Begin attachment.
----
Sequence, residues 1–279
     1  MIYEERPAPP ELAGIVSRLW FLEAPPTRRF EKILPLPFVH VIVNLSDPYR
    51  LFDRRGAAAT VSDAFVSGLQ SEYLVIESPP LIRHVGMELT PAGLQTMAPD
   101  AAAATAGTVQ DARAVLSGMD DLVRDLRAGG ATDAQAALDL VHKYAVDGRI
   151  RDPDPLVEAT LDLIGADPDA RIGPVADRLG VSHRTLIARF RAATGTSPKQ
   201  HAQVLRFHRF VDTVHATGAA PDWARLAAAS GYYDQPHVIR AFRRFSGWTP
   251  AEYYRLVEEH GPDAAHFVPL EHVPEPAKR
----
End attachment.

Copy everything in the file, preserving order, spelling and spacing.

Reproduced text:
Sequence, residues 1–279
     1  MIYEERPAPP ELAGIVSRLW FLEAPPTRRF EKILPLPFVH VIVNLSDPYR
    51  LFDRRGAAAT VSDAFVSGLQ SEYLVIESPP LIRHVGMELT PAGLQTMAPD
   101  AAAATAGTVQ DARAVLSGMD DLVRDLRAGG ATDAQAALDL VHKYAVDGRI
   151  RDPDPLVEAT LDLIGADPDA RIGPVADRLG VSHRTLIARF RAATGTSPKQ
   201  HAQVLRFHRF VDTVHATGAA PDWARLAAAS GYYDQPHVIR AFRRFSGWTP
   251  AEYYRLVEEH GPDAAHFVPL EHVPEPAKR